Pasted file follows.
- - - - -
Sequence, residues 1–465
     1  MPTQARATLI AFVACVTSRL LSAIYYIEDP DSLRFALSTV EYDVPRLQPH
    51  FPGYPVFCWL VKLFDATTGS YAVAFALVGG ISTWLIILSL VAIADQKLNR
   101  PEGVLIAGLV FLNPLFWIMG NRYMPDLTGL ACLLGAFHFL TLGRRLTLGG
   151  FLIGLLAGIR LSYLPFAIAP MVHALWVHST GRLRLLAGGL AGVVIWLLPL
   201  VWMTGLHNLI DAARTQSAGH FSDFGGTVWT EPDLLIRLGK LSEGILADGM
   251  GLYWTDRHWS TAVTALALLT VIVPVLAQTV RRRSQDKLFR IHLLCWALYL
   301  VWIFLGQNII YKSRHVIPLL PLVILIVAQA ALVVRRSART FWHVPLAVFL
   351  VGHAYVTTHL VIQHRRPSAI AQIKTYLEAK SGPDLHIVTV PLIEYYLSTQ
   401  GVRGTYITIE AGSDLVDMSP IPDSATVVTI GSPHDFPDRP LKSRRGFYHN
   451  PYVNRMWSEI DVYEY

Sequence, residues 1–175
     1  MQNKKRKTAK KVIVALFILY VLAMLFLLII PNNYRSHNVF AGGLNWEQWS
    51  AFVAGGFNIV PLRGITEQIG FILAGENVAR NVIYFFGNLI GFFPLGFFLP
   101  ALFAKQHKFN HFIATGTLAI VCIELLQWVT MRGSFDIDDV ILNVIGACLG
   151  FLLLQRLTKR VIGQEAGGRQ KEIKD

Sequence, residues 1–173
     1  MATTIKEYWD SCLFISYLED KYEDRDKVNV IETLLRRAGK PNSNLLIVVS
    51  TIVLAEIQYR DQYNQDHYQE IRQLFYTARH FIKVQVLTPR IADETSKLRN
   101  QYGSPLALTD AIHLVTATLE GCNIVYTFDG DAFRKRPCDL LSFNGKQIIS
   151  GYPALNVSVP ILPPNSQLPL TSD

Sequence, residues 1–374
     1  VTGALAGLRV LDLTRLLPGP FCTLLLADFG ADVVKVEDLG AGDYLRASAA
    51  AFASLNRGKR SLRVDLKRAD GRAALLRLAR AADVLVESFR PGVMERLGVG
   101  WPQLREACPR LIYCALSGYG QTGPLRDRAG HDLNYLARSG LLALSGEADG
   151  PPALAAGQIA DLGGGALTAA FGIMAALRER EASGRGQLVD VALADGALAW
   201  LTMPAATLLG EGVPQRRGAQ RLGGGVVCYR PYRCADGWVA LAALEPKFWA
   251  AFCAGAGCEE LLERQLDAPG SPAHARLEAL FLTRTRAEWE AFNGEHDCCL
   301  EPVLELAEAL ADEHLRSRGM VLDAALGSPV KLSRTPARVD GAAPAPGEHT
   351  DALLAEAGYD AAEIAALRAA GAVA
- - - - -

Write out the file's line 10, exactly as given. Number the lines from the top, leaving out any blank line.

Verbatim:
   401  GVRGTYITIE AGSDLVDMSP IPDSATVVTI GSPHDFPDRP LKSRRGFYHN